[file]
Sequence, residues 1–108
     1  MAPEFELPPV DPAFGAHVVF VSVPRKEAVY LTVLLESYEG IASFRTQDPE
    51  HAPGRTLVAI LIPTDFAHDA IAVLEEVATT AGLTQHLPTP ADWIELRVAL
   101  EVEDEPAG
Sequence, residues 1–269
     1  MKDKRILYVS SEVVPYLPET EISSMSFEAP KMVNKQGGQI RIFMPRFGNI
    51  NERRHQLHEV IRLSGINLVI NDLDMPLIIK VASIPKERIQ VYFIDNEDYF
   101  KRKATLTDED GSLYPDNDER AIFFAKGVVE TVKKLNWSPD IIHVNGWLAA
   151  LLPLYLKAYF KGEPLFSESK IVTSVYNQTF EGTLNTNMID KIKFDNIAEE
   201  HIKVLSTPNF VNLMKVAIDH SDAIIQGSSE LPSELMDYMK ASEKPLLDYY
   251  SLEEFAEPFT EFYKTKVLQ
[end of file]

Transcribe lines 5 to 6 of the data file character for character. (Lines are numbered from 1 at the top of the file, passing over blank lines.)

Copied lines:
Sequence, residues 1–269
     1  MKDKRILYVS SEVVPYLPET EISSMSFEAP KMVNKQGGQI RIFMPRFGNI